Middle seats on the better than economy section
I was thrilled at the prospect of visiting New Zealand, but finding a comfortable flight from the United States to New Zealand that didn’t break my travel spirit because of the length of the flight or my budget was so challenging I almost cancelled my trip. Although flying time on the United States to New Zealand flights was better than the longer flying time required on flights with connections en route to New Zealand the cost of the United States to New Zealand flights was 30 percent or more greater than I wanted to spend, and that was for an economy seat. Given the length of travel (some itineraries I found, alone and with the help of “expert” travel agents, exceeded 50 hours of travel, including sometimes 12 hour and longer layovers) I wanted something better than economy.
After days of searching and talking to 12 or more airline and travel specialists I found a combination of flying time, comfort and price I could live with on Virgin Australia International. Unfortunately the only routing possible was through Los Angeles. That airport, I soon discovered, was undergoing renovations involving extensive construction work.
Despite my best efforts and hours long conversations with the carrier it was impossible to book the flight as a single ticket from my departure airport. With the aid of a supervisor I booked two domestic connections to Los Angeles as a stand alone ticket. From there I flew Virgin Australia International to New Zealand via Australia on its slightly better than economy class fare, International Long Haul Premium.
The Virgin Australia amenity kit
Arriving at LAX while it was under construction was no fun. As there was no universal agreement on the amount of time necessary for me to connect from my domestic to my international flights (three hours minimum was the common advice, more if possible) I booked an extra long layover. Once I was off of my domestic flight I had to collect my luggage from the domestic flight terminal, exit, make my way to another concourse (it was rather challenging to discover the path or distance involved in advance), pass through security, and check in for my Virgin Australia flight.
The lounge at LAX where I waited for my connection looked tired and unimpressive. As boarding time neared I was eager to board the flight to Brisbane although it meant the longest connection in my trip. Once on the aircraft the section set aside for Premium economy passengers looked slightly better than I had dared hope. I was in an aisle seat in row 16. The seat leaned back partway and was comfortable enough although the ambient temperature was uncomfortably chilly for most of the flight. Even my neighbor, a tall man from the Midwest used to cold winters, made use of the small synthetic fabric that passed for a “luxurious” blanket. The return flight to Los Angeles from Australia had the same uncomfortable frigid conditions.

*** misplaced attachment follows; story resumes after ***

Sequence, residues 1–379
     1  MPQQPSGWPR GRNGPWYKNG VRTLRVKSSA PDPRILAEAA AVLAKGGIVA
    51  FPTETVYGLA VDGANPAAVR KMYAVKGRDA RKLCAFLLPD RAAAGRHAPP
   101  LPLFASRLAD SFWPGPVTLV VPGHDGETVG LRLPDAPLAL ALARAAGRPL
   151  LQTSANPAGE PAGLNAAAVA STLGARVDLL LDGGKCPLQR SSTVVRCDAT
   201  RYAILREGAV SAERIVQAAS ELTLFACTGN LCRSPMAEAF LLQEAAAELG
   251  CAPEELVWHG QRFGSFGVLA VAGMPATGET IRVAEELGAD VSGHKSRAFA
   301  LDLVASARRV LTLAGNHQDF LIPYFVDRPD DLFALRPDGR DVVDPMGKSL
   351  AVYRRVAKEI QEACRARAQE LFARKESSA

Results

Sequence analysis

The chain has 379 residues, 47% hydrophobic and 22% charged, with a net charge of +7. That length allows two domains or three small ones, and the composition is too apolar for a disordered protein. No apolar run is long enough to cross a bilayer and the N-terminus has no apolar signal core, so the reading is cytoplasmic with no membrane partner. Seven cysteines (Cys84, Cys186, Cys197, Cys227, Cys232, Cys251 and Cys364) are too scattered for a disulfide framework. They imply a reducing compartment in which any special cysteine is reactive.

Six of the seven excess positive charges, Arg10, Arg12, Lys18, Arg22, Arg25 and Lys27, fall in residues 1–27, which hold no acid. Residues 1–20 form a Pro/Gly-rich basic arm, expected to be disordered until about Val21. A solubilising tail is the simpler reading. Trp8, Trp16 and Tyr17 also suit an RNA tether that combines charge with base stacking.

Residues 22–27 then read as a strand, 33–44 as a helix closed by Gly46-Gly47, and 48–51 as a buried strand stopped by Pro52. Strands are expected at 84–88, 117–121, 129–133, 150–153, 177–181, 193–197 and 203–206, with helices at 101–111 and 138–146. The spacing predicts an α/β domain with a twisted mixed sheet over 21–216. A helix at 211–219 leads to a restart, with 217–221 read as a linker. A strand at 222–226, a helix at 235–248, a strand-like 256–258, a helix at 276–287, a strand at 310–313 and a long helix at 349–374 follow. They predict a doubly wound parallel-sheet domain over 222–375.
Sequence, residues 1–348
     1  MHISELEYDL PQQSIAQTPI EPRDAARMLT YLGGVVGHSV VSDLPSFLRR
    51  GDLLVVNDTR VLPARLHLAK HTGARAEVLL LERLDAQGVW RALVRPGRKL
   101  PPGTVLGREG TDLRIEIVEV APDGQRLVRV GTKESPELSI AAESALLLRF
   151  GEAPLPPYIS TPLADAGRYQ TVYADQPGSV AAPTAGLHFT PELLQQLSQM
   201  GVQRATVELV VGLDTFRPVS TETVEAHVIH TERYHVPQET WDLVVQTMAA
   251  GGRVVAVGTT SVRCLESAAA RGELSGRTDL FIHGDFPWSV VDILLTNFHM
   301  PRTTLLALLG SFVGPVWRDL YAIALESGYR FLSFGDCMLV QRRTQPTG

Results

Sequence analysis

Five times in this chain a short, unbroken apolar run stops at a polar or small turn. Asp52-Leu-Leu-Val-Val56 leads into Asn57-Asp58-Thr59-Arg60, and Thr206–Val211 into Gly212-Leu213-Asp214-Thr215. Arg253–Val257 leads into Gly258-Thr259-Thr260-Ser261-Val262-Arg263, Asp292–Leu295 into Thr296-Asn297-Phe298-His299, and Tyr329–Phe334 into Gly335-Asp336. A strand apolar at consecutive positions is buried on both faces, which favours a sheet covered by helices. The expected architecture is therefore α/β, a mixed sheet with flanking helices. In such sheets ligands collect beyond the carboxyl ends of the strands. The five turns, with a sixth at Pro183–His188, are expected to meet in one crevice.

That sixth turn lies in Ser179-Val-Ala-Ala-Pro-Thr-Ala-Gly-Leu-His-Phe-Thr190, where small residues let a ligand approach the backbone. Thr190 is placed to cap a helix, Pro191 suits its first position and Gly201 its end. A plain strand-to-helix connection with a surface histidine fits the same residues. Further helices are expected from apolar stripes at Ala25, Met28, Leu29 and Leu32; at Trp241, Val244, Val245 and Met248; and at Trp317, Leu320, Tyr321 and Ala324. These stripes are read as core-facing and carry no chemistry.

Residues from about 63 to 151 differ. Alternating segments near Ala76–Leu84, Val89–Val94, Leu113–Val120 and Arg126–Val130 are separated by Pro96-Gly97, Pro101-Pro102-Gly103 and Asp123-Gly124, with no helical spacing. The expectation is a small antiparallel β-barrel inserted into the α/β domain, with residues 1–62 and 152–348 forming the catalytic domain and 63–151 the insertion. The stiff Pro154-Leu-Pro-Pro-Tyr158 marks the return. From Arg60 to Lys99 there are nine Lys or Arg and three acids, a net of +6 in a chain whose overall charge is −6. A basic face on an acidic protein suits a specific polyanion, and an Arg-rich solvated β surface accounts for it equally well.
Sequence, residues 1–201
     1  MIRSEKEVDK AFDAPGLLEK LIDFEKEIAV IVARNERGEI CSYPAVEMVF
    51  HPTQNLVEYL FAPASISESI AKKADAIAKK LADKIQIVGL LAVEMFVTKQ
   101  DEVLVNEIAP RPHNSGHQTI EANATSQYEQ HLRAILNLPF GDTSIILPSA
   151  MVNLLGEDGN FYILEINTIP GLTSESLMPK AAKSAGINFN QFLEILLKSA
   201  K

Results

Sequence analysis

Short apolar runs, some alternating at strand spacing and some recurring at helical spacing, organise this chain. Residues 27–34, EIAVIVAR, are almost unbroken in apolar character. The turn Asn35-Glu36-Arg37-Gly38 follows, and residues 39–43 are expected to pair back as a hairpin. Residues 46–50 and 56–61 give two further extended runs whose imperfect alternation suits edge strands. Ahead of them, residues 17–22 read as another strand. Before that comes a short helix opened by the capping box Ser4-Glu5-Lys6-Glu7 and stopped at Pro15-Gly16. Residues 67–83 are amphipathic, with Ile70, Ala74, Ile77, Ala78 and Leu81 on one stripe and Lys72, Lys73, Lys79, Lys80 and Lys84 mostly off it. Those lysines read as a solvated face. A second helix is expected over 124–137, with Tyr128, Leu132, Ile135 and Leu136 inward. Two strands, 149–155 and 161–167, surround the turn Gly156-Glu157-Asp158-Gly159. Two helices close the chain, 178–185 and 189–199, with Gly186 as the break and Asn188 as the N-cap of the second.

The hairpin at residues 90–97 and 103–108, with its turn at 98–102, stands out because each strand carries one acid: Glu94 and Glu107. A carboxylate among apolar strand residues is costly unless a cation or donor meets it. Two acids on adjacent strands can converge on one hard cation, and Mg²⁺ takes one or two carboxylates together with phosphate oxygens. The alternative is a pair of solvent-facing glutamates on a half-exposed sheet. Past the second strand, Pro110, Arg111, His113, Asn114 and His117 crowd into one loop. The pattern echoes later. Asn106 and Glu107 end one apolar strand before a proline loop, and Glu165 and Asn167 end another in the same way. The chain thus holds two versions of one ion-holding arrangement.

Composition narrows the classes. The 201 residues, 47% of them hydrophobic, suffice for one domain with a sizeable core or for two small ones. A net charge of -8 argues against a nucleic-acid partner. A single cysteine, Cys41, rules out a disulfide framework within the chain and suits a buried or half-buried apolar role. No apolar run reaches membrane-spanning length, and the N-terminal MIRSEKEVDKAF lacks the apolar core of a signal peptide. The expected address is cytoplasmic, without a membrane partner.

In order to carry fewer items on the trip I left my noise canceling headphones at home and was pleased to find a headset for my use on board.
Amenities included 41 inch seat pitch and nine inch recline, according to the airline’s website (I didn’t measure them); as well as 10.6 inch Seatback In-flight entertainment screen, noise cancelling headset, in-seat electrical power and USB connectivity. My entertainment system was functional as was the headset on both flights. The flights from Australia to New Zealand and back were Economy.
On the International Long Haul Premium flights everything was much better than on the Economy service for the same carrier. Although the printed menu promised delicious meals when they arrived it was the usual overcooked airline food. After the meal service and before the pre-landing snack a few self-serve snacks and beverages were available from a refrigerator. After a while the snacks disappeared. My favorite was the dark chocolate and coconut bar, an Australian flavor of a well known brand. Only one was on offer on my United States bound flight. On the outbound flight I didn’t sample any wines. On the return, they were out of the New Zealand wine of my choice from the wine list.
The staff were friendly and attentive on departure. After that the service waned. The first flight from the United States to Brisbane, Australia offered the best service of the four Virgin Australia International flights. It was far superior than the service on the domestic carrier stateside.
My hours of travel were long and I was exhausted on arrival in New Zealand to a crowded airport with long lines, brusque and impatient staff and strict customs rules. The 30 percent savings in the airfare combined with the shorter flying hours, slight onboard comforts, extra space and intimate section (the Premium seats were in a section of their own between business and economy) made the purchase worthwhile. Overall I was pleased with my selection of flights and ticket price. Based on the two flights from LAX to Australia I would fly Virgin Australia International’s International Long Haul Premium again.